10 of the Tallest Buildings in Vancouver


It’s no secret Vancouver’s skyline is outlined with tall buildings - but there’s more than meets the eye when it comes to these vertical city landmarks. Our real estate experts have rounded up the 10 tallest towers in Vancouver to share a few fun facts on each.

Living Shangri-La
Floors: 62
Height: 659 feet
Year Built: 2008
Fun Facts: The Shangri-La houses 5-star hotel and offices on the first 15 floors and condominiums in the rest of the tower. At 62 storeys, construction of the tower was no easy feat. It required 3.1 million man-hours of employment and at its peak, 1,000 workers were on site constructing 1 floor per week! In addition, it set Vancouver’s record for both the deepest excavation and height, previously set by One Wall Centre. Today, the Shangri-La is the tallest and one of the most prestigious buildings in the city.

Trump International Hotel & Tower Vancouver
Floors: 63
Height: 616 feet
Year Built: 2017
Fun Fact: The Trump Tower speaks luxury all the way, from its bathrooms encased in dark marble, to the well-known lavish rooftop nightclub, Drai’s. Comprising of both residences and hotel, the tower is currently under construction with completion scheduled in just a few months. The hotel is currently booking its first guests for November 1, 2016. The Trump Tower has seen controversy since its first release and has escalated since Donald Trump’s recent Campaign for Presidency in the United States, the most recent being an unsuccessful campaign to drop the Trump name in December 2015.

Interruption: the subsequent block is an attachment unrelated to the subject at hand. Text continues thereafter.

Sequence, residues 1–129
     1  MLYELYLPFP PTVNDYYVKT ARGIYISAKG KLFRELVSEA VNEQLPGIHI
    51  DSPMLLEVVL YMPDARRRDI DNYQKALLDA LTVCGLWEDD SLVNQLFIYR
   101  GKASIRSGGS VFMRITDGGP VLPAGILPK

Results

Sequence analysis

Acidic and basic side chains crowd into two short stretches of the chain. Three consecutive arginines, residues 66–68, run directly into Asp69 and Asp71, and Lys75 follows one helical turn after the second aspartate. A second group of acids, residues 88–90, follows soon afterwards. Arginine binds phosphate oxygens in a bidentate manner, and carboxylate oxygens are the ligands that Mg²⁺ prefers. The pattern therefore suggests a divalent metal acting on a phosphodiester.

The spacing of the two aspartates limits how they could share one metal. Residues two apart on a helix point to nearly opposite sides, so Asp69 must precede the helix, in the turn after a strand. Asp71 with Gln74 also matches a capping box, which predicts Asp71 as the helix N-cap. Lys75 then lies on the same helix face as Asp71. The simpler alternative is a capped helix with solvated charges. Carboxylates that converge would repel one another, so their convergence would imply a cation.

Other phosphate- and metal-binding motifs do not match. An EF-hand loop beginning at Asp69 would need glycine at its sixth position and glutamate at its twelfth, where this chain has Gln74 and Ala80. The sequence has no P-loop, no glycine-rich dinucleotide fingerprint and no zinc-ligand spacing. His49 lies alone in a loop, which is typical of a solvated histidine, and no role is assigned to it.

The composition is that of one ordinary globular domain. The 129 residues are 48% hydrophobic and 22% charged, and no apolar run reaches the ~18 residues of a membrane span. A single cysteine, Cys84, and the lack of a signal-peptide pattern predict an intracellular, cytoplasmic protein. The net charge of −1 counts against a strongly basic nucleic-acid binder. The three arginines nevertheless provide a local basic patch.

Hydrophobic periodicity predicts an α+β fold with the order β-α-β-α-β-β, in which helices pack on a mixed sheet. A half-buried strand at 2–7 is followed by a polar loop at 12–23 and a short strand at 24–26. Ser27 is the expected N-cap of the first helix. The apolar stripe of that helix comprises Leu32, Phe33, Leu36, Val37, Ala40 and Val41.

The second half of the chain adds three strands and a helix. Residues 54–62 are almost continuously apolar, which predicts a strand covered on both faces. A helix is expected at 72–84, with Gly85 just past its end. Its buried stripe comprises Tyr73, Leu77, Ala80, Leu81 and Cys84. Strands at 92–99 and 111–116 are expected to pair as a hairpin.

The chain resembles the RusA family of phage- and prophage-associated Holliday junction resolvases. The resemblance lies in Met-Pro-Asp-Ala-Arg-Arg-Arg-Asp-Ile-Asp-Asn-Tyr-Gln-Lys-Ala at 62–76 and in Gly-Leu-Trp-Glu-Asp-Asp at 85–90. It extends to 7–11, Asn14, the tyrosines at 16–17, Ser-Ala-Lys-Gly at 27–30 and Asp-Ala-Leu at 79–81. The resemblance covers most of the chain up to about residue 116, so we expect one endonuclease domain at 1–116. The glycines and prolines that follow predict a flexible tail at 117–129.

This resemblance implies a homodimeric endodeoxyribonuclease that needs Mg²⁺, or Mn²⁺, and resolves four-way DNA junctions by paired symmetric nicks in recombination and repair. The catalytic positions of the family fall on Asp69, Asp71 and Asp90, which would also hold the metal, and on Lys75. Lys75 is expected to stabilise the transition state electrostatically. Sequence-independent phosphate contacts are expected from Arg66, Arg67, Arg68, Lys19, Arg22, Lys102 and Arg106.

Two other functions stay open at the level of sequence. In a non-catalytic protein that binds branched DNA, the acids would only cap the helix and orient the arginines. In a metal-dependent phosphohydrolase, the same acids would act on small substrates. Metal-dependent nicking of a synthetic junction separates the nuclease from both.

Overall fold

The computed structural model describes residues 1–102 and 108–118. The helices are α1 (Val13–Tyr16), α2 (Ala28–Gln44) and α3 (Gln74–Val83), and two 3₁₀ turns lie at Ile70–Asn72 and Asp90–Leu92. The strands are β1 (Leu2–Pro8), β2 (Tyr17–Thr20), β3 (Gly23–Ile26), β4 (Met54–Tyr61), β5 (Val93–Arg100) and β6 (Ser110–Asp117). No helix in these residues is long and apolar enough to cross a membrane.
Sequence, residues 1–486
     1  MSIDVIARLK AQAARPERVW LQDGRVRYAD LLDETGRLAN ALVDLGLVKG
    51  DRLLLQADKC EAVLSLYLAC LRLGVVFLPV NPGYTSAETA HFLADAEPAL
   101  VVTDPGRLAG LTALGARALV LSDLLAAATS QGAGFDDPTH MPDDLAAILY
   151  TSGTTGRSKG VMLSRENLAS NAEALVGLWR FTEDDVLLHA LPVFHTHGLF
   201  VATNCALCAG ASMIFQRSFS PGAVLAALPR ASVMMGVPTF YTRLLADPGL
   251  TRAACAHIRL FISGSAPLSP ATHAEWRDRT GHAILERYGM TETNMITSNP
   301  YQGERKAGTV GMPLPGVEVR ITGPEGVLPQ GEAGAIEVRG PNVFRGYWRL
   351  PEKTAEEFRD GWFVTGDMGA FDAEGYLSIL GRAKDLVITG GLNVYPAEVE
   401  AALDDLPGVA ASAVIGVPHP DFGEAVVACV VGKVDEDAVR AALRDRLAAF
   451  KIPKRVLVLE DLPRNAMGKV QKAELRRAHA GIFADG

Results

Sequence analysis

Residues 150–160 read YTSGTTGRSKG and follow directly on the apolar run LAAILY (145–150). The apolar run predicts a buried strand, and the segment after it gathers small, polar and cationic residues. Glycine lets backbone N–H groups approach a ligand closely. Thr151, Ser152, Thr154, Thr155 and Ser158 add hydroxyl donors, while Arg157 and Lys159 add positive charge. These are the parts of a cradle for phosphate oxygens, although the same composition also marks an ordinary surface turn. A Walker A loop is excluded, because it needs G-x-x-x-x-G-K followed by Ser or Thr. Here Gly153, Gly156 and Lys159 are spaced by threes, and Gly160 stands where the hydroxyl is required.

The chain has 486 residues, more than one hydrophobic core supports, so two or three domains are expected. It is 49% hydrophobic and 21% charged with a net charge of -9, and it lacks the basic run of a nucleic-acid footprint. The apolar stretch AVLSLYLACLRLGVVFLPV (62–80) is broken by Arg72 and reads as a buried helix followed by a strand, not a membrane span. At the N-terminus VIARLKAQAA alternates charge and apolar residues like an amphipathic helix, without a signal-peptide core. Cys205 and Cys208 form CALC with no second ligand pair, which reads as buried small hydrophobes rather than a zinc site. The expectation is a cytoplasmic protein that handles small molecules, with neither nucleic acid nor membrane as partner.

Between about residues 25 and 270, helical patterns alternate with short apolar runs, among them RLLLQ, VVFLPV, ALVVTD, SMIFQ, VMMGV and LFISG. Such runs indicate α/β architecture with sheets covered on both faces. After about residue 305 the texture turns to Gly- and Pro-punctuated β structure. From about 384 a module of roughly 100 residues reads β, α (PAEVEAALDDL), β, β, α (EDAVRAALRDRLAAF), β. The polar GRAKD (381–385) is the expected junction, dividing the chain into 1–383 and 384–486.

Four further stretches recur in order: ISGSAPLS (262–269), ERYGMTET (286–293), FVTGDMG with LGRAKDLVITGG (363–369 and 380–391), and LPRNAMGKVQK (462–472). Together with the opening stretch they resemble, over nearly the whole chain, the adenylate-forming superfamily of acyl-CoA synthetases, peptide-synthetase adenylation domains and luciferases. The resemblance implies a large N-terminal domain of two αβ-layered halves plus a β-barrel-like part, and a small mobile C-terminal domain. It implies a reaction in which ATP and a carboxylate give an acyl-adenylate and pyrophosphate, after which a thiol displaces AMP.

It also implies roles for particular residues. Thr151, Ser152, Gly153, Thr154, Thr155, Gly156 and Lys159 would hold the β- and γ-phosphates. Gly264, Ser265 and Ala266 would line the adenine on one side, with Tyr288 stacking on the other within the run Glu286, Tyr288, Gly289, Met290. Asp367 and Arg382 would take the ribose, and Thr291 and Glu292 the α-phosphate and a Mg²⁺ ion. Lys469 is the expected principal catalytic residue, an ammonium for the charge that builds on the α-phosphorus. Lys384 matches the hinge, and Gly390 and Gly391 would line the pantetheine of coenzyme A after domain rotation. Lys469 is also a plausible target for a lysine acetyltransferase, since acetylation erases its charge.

Telus Gardens
Floors: 47
Height: 548 feet
Year Built: 2016
Fun Fact: Partnering with Westbank, Telus Garden spans an entire city block on Georgia St between Seymour and Robson. Another mixed use tower, Telus garden incorporates residential, office, and retail space. The building is focused on environmental sustainability; its office component is built to a LEED Platinum standard, and the residential tower to LEED Gold.



The Private Residences at Hotel Georgia
Floors: 48
Height: 518 feet
Year Built: 2012
Fun Fact: Standing tall as one of the city’s most recognizable landmarks, The Private Residences at Hotel Georgia is a new addition adjacent to the historic hotel. The views of the North Shore, Mount Seymour and Grouse Mountain are no mistake. The geometry of the building go beyond design aesthetic to provide premium views and shading for parts of the building by canting outward for the first 35 floors, then receding for the top 12 while balconies project outward.

Vancouver House
Floors: 49
Height: 493 feet
Year Built: Under Construction. Completed 2018.
Fun Fact: Vancouver House is more than just a tall tower – its design was meant to be a work of art. Currently under construction, Vancouver House is set to transform its neighbourhood by incorporating two major installations of public art underneath the Granville Street bridge: light boxes and a art-deco spinning chandelier. 

One Wall Centre
Floors: 48
Height: 491 feet
Year Built: 2001